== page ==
NHS bosses hold emergency talks to avoid medicine supply crisis if we quit the EU without a deal

Health service chief Simon Stevens today revealed for the first time that the NHS is in crisis talks in case negotiations with Brussels collapse.

He insisted that protecting the imports of vital medicines from Europe was "top of the list" as ministers plan for the possibility of No Deal.

The revelation will reassure those who were worried that the Government hasn't been preparing for the possible failure of Brexit talks.

Mr Stevens, chief executive of NHS England, told the BBC's Andrew Marr Show: "There is immediate planning which the health department, with other parts of Government, are undertaking around securing medicine supply and equipment under different scenarios.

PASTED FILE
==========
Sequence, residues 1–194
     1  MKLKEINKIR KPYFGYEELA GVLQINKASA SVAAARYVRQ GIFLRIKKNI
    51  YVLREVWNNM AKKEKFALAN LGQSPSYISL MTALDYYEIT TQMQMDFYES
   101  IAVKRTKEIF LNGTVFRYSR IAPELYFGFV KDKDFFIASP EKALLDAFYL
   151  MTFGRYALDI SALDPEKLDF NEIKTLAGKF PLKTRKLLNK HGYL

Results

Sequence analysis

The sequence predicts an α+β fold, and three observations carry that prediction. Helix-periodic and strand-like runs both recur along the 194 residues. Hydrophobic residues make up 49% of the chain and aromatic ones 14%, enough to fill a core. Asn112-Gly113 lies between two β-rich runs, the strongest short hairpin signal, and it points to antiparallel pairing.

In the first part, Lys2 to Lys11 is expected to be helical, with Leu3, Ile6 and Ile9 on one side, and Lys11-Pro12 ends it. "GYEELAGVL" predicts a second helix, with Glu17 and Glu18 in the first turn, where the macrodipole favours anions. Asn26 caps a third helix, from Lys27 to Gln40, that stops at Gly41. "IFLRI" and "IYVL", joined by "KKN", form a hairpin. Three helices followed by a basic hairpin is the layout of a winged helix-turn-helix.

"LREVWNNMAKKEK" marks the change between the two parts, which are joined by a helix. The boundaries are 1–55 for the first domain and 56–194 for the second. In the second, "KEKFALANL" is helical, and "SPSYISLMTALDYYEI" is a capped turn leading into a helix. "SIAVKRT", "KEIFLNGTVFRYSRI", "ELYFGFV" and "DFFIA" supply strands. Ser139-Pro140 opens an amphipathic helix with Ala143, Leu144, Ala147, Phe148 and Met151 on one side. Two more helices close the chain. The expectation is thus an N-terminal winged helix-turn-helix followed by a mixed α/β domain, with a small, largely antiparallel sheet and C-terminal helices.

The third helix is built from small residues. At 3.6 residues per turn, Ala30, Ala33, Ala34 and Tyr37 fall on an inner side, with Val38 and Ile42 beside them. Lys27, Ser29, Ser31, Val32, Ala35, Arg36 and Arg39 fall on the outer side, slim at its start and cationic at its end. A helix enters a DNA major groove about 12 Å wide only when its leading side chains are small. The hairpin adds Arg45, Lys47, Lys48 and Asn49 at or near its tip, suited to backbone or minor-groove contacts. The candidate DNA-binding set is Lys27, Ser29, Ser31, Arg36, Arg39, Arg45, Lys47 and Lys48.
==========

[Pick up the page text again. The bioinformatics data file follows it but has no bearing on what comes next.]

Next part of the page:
"That will obviously crystallise when it's clear later this autumn what the UK's position will be."

He added: "Nobody's in any doubt whatsoever that top of the list in terms of ensuring continued supplies for all the things that we need in this country right at the top of the list has got to be those medical supplies.

"There's extensive work underway now between the Department of Health, other parts of Government, the life science industry, pharma companies.

"Nobody's pretending this is a desirable situation, but if that's where we get to it will not have been unforeseen."

Millions of medical products are imported from Britain every day, meaning any interruption could be deadly for patients.

Ministers have previously been criticised for failing to do enough to prepare for the disruption if Brexit talks end without an agreement.

During his interview Mr Stevens also welcomed the announcement of £20billion more for the NHS.

He said: "It represents a real step change in the money that will be going in to the health service."

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